Adam Riccoboni, Managing Director of UK-based consultancy firm, Critical Future, recently spoke with Coin Rivet about blockchain and cryptocurrency adoption and regulation.
“What blockchain will do for the world is the next phase in the evolution of the internet. The first phase was the exchange of information, and that’s working extremely well. The next phase will be about exchanging things of value without having to trust each other because of its immutable, permanent and transparent nature,” he says.
Eight out of ten say blockchain will go mainstream
We’re entering a new era; there’s no doubt about that. Many experts agree and so do businesses, because as Riccoboni says, “eight out of ten entrepreneurs we spoke with, are in favour of blockchain adoption and believe it will become mainstream”.
This statistic is significant considering Riccoboni and his colleagues at Critical Future carried out comprehensive market research that took them six months, throughout which, among other things, they reached out to 1,800 business people around the world. The study, which costs $6,500, is aimed at helping business, organisations and governments save time and money doing the market analysis themselves.
The first exchange of things of value has been the world famous transactions made with the mother of all cryptocurrencies, Bitcoin. “And Bitcoin has been extremely successful, much more so than many people anticipated,” he states.
Not just a buzzword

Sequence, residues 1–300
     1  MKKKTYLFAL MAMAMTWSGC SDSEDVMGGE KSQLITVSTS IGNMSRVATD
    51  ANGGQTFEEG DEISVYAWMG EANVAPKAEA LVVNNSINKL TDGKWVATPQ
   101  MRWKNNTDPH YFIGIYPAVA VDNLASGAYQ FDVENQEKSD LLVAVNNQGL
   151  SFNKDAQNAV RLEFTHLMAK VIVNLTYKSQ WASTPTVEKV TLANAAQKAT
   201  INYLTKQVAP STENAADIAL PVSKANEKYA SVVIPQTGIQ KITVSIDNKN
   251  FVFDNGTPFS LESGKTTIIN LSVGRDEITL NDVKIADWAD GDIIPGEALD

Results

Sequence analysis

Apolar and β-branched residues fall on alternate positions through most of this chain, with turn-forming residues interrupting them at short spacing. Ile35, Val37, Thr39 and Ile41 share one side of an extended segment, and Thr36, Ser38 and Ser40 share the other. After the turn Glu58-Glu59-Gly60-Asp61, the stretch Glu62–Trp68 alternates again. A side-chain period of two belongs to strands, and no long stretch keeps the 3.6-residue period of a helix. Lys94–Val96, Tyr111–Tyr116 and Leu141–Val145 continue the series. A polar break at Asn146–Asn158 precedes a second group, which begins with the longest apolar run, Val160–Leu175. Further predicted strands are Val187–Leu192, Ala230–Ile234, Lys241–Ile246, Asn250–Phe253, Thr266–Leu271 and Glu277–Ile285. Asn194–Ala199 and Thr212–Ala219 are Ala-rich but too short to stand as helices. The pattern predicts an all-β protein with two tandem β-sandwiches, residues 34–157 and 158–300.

“When you put everything together, you see that this is something that’s really here to stay. It’s not a buzzword. It is a transformative technology that is going to have a tremendous impact over the next five to eight years on the foundational level of society and economics,” he adds.
And will blockchain help fight poverty, inequality and corruption? “Absolutely! There are already some charities that are doing some outstanding work with blockchain. There’s one charity in Africa that is using artificial intelligence and blockchain to combat corruption. So, yes, absolutely a definite positive social outcome.”
There may be some resistance to this technology from corrupt governments, but there is hope that they will ultimately see the benefits and also come under social pressure to adopt blockchain, Riccoboni says. Colombia, Australia, Malta, Mongolia and others are already down that path.
The wealthy feel threatened?
Who else could be against blockchain and cryptocurrency? Oh, right, the powerful 1% of the population who own 99% of the world’s wealth.
“Yes, they could offer resistance or place obstacles. Yes, I absolutely agree with you because blockchain is democratising and distributing power away from one those who hold all the power and distributing it among the rest,” responds Riccoboni.
For all those who still have doubts or are sceptics about blockchain and, more so about crypto, they need to accept the fact that even top firms and governments who previously spoke terribly about both spaces are now intensively working on regulations which will help foment innovation and spur mass adoption.